The Juneau School Board last night (Tuesday) delayed action on an update of the district’s search and seizure and student privacy policies.
District Spokeswoman Kristen Bartlett says the board wants to undertake a more thorough review of the proposed changes, which would clarify how school officials handle searches of student belongings, as well as details regarding consent and parental notification.
One notable change from current policy: Student vehicles parked on school grounds would be subject to the same search regulations as lockers, desks, backpacks and other student possessions.
Courts have given districts a lot of leeway to search student belongings on school grounds in order to protect the health, safety or welfare of the school community.
The update would make clear that any search more intrusive than a simple pat down is to be handled by law enforcement, which must obtain a search warrant.
Current policy says, if possible, parents or guardians should be notified before a search. The update adds that if it’s not possible, they should be notified as soon as possible after the search occurs. It also says parents should be informed of the district’s search and seizure and privacy policies annually, at the beginning of the school year.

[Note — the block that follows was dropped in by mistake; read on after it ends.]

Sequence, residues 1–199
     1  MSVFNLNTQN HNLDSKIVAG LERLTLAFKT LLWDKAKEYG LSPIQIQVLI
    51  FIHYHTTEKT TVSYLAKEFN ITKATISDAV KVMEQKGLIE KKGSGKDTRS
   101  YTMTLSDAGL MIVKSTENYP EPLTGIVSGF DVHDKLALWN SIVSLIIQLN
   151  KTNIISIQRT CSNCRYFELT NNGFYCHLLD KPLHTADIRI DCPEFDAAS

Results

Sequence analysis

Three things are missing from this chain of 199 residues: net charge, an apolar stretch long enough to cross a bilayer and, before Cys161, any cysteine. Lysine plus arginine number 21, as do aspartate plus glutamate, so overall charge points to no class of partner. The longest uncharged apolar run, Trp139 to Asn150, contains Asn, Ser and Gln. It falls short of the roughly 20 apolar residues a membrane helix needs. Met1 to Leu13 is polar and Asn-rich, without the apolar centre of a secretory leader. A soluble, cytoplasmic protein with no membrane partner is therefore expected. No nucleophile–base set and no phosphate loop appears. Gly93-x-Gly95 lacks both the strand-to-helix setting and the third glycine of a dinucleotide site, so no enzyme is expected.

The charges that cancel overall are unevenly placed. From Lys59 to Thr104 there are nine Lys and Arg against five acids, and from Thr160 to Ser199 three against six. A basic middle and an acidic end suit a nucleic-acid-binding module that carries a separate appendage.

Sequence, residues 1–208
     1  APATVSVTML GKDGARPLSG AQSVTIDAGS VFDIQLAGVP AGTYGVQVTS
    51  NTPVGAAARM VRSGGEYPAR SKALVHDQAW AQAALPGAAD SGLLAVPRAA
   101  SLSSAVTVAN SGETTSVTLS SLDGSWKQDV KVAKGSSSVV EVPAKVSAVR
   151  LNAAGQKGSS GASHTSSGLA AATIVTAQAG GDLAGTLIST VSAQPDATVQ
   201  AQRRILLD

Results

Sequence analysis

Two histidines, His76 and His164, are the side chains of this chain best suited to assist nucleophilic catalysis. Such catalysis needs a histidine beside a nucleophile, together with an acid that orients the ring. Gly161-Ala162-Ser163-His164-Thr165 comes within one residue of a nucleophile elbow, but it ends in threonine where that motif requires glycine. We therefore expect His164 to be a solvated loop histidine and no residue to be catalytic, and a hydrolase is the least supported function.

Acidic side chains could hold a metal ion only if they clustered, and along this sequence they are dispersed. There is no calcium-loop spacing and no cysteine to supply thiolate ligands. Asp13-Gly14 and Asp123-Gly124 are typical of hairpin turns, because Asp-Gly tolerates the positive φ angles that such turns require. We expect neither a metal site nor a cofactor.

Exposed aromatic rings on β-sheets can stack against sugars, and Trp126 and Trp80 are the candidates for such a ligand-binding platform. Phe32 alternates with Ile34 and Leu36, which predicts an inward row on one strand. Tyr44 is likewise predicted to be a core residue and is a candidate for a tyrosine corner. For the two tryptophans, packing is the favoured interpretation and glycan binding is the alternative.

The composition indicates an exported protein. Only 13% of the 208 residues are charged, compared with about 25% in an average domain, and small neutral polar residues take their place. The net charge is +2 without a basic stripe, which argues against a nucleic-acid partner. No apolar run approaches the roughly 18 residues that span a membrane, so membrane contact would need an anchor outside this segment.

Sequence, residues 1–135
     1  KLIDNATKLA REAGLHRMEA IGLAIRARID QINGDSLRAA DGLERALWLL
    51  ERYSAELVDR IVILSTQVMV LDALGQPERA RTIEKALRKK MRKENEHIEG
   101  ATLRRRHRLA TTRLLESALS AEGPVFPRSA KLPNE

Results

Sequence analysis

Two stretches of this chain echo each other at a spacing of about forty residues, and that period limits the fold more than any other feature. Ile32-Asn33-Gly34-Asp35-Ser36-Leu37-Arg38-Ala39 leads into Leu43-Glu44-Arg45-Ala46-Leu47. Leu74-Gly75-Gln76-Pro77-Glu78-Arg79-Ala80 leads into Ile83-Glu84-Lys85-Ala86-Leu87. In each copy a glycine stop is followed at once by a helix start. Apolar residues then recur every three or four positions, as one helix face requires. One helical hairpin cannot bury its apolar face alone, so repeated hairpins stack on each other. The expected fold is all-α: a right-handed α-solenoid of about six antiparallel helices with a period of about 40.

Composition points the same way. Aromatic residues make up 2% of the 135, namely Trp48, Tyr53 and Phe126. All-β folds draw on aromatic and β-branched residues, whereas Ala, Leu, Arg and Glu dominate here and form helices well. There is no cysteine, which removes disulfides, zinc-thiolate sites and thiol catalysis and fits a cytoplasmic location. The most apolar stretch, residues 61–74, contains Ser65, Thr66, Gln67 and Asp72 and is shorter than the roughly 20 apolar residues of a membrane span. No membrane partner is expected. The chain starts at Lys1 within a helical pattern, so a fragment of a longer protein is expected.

Bartlett says the school board will revisit the proposed changes in September.
In other news, Bartlett says board members will wait until after this fall’s city election before deciding what to do about a possible vacancy on the board.
The vacancy would occur if no one steps forward to run a write-in campaign. That’s because only one candidate – Board President Sally Saddler – filed to run for two open seats during the just concluded candidate-filing period.
Official write-in candidates must file a letter of intent with the city clerk’s office at least five days before Election Day, or September 29th.
If no one steps forward to run a write-in campaign, the board will have 30 days after Election Day – October 4th – to fill the vacancy. The person selected will serve until next year’s regular election.
- The Alaska Department of Corrections says Senate Bill 91 mandates expanded pre-trial services. Rumors that a Douglas office building could be part of the plan has neighbors alarmed and a state lawmaker demanding answers.
- The legislature ordered a study last year, looking at whether the state could save money by creating a new health care authority.
- It was two hours of incredible runs, incredible heartbreaks, and one avalanche.
- Alaska Congressman Don Young was at the White House Monday to see the president sign a bill that repeals an Obama administration rule known as “BLM Planning 2.0.”